Under Connecticut law, wages enjoy special protection. Conn. Gen. Stat. sec. 31-58 et seq. entitle an employee who has not been paid his or her full wage (i.e., minimum wage, and overtime of non-exempt) to attorneys’ fees if successful and double damages in some cases. The purpose of this law is to prevent employers from taking advantage of the employees who rely on them for their livelihood.
Note the term “employee” above. People often think that protection of this type only applies to employees and not to independent contractors, but this is not the case in Connecticut. In fact, Sales Representatives, who are often independent contractors, are protected by state law, even though they are paid on a commission basis and not a wage basis.
Conn. Gen. Stat. sec. 42-481 et seq. provides that upon the termination of an agreement between a sales representative and principal, the principal must pay out all commissions due before, on, or after the date of the termination within 30 days or the date specified in the contract. For example, if a sales rep and a manufacturer with whom the rep has a contract is terminated on July 1, the manufacturer has to look at the commissions due to the rep “in the pipeline” as of July 1. The manufacturer cannot say that because the rep will not have a contract in place on the date that the goods he sold are actually paid for, he does not get his commission on those goods. The manufacturer thus has 30 days- or a longer period if the contract allows- to pay the rep his or her commissions.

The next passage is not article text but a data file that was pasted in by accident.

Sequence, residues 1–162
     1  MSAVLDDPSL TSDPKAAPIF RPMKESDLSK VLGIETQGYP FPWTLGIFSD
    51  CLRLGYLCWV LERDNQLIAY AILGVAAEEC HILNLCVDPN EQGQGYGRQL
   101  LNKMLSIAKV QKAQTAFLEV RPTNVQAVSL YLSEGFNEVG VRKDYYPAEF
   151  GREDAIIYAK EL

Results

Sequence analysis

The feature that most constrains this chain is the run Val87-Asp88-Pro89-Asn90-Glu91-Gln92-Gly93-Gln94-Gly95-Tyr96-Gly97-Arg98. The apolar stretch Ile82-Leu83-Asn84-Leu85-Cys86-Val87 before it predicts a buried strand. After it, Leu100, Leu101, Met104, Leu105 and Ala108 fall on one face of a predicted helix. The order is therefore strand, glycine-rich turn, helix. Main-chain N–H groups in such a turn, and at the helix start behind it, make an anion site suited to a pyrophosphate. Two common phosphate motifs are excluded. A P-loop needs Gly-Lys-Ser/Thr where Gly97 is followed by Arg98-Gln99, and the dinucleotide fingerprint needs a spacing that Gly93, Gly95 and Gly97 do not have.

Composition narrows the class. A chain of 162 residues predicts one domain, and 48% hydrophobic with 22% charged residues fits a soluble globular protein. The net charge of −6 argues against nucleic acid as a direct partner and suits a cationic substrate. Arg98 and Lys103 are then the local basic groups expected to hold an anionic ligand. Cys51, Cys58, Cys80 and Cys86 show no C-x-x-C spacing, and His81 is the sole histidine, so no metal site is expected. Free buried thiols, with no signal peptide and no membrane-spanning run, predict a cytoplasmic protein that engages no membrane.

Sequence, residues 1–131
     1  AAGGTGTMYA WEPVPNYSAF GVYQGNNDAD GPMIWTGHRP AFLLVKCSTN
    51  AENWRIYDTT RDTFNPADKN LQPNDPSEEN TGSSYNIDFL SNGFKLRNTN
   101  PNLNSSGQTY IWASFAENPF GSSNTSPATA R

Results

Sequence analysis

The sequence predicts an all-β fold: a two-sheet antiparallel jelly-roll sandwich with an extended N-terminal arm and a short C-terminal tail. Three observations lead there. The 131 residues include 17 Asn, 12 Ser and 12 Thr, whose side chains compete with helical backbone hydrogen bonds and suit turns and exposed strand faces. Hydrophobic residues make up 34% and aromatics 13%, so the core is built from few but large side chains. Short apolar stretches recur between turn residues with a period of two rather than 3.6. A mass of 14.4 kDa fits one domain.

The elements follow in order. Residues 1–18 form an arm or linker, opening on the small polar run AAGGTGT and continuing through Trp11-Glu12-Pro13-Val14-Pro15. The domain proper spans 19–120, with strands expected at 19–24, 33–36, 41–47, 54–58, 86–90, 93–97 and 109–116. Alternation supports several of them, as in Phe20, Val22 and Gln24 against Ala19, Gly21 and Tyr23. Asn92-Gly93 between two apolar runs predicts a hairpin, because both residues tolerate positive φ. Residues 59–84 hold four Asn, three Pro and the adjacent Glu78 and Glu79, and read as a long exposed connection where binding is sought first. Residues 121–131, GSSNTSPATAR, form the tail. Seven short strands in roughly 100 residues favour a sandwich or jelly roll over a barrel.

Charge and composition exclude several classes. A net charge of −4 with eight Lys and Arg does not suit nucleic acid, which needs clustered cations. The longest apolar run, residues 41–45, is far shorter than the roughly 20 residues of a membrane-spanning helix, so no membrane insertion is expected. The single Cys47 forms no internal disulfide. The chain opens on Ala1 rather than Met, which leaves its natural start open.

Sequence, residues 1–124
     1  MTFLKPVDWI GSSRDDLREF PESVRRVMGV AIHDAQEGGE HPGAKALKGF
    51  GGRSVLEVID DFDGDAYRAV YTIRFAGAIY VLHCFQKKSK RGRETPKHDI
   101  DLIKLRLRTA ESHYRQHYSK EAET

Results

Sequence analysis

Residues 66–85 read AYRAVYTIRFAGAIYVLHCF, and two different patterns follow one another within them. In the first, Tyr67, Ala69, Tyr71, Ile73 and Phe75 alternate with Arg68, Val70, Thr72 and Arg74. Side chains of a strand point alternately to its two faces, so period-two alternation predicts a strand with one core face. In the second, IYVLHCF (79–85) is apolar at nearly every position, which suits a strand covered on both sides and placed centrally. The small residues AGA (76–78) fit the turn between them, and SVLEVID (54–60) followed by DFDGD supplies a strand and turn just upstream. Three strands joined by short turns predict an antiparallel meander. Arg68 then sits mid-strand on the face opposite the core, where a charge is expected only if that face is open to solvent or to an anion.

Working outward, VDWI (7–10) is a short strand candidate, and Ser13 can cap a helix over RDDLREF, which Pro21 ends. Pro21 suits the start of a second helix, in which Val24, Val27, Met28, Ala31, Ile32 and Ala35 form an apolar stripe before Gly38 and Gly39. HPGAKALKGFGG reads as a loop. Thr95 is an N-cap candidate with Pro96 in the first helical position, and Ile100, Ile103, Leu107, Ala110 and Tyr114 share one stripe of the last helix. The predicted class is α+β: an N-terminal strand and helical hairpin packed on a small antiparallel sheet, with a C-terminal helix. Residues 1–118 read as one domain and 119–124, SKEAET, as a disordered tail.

Further, this statute provides that the principal has to pay the attorneys’ fees of the rep if he or she is successful in making his or her claim, and that if the principal’s conduct was “willful, wanton, reckless, or in bad faith” it has to pay double the amount due.
Sometimes, companies think that they can get away with cheating sales reps out of commissions by terminating their contract before all of the work that the reps have done pays off. They may think that because their reps have independent contractor status, they won’t be protected by law the way employees are. This is false- the law protects the hard work of these sales reps and sets a tough standard for companies that attempt to act unfairly by claiming that commissions aren’t payable because they terminated the contract before the sums were paid in.